It has a beginning, a middle, and an end. It has plot, setting, characters, a point of view. The conflict is clear. The young man needs to overcome his naïve understanding of what it means to be courageous, and by the end of the story, he not only changes in that understanding, but he’s transformed into a different person. A truly satisfying conclusion. And it’s a story that’s true, right? That makes it better.

But what if I told you…it’s just a story? What if I told you that story isn’t something that actually happened? Because it didn’t. It’s a story, to be sure, but it’s just a story. It’s the story of The Red Badge of Courage, written by Steven Crane in 1895. Steven Crane wasn’t even born until 1871—six years after the end of the American Civil War. The young man in Crane’s story, his name is Henry Fleming, but there was no such young man who enlisted in the 304th New York Infantry Regiment. There was no battlefield haze or delirious hometown friend. There was no trip to the stream for water or overheard talk from a commanding officer. It’s just a story.

Or is it?

The Red Badge of Courage is a story, to be sure, but it’s not just a story. It’s a true story insofar as it accurately depicts what happened in the American Civil War. It accurately depicts Henry’s transformation from innocent, vain boy into an experienced, tested man. It accurately depicts universal human themes like maturation, heroism, and cowardice.

Often we’ll talk of the life of Jesus as story, and to be sure, it is a story. Sometimes it’s called the greatest story ever told—and when you see the life of Jesus expansively as one from before the beginning of time stretching endlessly into the future where time doesn’t matter, a story that covers the creation of everything, of God’s love and dogged passion to be in relationship with everything and everyone—then yes, it is without a doubt the greatest story ever told. And what’s more, that story includes us. This amazingly wonderful, transcendent story includes us, includes you, and at its very heart, the story climaxes at the moment where God says, “I love you no matter what—death do us not part!” It’s almost unbelievable. In fact, if it weren’t for the Holy Spirit coming upon us and reminding us over and over again, we couldn’t believe it. We, like so many others, would say, “It’s just a story.” As if that means it’s not true…

But it’s not just a story. It is the truth. All of life is a story. Our own lives are a story. Each and every one of us has a story. When we look at our lives, we think of them in terms like a story. I knew a guy whose father was a pastor. He was a devout guy, faithful. He worked at Temple University in Philadelphia. He had extremely intelligent. A deep thinker. He had a PhD in some kind of literary analysis. He did his work on some minute aspect of a small passage in J. R. R. Tolkien’s Lord of the Rings. And this man loved to talk about The Lord of the Rings. On top of that, he could relate almost anything in his life to something from The Lord of the Rings. Well—some might say The Lord of the Rings is just a story, but for this man, it definitely wasn’t. It was a story, to be sure, but not just a story. It was a story full of truth that helped him make sense of his life. And when he shared that with people, with me, it became part of my life, part of my story.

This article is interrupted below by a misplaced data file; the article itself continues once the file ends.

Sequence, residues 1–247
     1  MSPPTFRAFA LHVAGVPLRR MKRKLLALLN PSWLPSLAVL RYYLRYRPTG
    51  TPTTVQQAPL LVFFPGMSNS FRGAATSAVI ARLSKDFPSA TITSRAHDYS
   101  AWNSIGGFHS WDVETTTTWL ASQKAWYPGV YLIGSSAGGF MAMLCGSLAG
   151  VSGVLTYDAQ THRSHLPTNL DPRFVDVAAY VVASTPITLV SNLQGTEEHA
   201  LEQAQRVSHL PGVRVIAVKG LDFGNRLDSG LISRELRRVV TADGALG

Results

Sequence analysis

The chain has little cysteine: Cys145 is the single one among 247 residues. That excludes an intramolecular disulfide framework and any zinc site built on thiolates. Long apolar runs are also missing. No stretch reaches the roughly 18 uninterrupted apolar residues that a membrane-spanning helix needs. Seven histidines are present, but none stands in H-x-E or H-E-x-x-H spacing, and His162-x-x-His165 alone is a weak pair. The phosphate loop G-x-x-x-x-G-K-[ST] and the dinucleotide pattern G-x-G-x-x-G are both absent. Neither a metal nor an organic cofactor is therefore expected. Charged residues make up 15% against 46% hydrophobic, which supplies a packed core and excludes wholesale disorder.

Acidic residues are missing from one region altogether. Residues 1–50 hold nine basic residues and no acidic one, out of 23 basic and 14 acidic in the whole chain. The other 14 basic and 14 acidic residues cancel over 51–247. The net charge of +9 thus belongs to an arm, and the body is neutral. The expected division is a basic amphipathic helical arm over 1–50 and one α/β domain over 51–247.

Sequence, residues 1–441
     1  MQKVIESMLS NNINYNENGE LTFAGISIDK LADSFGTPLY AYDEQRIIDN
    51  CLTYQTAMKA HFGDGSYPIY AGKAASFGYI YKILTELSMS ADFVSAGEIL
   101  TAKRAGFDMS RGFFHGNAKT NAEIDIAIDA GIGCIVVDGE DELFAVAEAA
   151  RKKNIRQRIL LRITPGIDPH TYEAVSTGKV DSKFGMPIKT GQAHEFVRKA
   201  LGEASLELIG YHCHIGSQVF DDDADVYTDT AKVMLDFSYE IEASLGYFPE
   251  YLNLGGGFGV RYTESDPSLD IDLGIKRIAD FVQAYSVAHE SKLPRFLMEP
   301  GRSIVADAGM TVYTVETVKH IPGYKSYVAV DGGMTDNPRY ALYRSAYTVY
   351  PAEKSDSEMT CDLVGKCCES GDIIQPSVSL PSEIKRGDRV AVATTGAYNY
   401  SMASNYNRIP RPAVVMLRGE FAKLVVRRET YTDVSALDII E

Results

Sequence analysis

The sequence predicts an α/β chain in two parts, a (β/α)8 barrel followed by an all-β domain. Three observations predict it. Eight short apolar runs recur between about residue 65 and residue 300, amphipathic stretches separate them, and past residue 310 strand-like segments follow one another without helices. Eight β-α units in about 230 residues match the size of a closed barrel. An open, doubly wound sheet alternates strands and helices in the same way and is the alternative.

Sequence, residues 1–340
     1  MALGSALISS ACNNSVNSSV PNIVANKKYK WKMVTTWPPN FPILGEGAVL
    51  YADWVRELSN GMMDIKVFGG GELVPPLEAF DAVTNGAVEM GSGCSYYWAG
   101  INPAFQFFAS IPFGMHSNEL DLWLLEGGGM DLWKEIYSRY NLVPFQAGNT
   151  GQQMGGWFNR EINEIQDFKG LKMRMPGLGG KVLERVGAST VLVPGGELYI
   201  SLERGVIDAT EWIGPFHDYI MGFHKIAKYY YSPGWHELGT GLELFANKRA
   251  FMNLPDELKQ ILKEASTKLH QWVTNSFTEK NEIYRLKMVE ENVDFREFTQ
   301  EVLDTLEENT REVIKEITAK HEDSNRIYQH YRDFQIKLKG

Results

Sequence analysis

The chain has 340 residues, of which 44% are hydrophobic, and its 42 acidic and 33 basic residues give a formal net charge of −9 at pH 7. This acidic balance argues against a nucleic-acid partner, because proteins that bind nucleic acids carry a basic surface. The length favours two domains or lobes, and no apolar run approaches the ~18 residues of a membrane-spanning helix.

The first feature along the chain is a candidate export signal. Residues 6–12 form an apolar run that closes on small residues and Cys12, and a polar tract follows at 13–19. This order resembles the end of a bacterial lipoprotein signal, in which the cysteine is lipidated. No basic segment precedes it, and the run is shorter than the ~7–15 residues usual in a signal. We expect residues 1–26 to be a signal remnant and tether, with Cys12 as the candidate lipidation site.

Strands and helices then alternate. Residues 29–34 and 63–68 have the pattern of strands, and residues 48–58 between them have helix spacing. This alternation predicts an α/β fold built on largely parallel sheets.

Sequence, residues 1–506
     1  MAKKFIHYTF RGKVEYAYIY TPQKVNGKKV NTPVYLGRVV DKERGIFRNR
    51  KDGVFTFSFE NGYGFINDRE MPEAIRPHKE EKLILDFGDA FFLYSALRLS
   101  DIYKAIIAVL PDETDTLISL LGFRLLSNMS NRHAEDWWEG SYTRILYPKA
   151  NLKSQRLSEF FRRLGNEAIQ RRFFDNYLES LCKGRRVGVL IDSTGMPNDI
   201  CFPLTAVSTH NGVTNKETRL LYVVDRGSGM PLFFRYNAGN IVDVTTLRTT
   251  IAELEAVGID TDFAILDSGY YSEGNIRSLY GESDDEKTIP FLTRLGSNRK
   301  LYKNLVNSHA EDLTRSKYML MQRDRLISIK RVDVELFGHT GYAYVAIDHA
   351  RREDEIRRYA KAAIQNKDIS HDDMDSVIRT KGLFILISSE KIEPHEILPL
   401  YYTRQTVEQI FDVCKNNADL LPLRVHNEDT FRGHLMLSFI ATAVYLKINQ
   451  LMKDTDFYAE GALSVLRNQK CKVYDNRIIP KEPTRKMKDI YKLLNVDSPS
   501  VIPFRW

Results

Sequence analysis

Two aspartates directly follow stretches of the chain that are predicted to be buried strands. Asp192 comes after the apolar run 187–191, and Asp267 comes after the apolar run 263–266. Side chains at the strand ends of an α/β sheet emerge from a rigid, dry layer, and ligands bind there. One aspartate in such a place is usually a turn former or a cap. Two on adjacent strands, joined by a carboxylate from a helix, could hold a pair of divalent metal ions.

In the same way, the story of Jesus’ life isn’t just a story for us Christians—or it shouldn’t be. This story, Jesus’ story, the story of God’s love for everything, everyone, for you—this story is one and the same with your own story. For Christians, the story of God’s love for us is the foundational motivation for why we love. We’ve been loved, so we love as we’ve been loved. This story is the foundational motivation for why we serve. We’ve been served, so we love as we’ve been served. When we spend time with someone whose spouse is fighting a terminal illness and listen to them share their struggles, we are participating in God’s story—the story of restorative, compassionate healing. Just one example. We know the power of listening, as much as we know the power of sharing. In our caring relationships with each another, we embody the relationship God has with us, founded on a deep, abiding love that can’t be overcome—even by death.

It’s not just a story. It’s the truth. And we live it. And we share it. By our very lives, we tell the story of Jesus and his love. Do we view our story through Jesus’ story or another, competing story? When we see all that we do as a living sacrifice of praise and thanksgiving for what God has done for us, when we see all that we do through the love of God in Christ Jesus, when we see all that we do through God’s story, a story that includes us—then we know the power of God in our lives to bring about peace, a peace that surpasses understanding. The world is full of stories that promise to satisfy instead of Jesus, but they leave us restless at best. And if you listed all those unsatisfying stories, it would be endless. You’d be left squinting in a fog, peering through a mist—constantly seeking, clouded in the fog of war between evil and goodness.

But God’s story, a story that isn’t about us, but includes us, includes us for the sake of something far larger than ourselves—that story fills us with all goodness and true peace that not just any story can do. Because it’s not just a story. It’s God’s story. It’s our story. It’s your story…

And you if you don’t tell your story, who else will?

In the name of the Father and of the Son and of the Holy Spirit. Amen.


Portions from the beginning of this sermon taken, directly or indirectly, from CliffNotes, Wikipedia, and The Red Badge of Courage.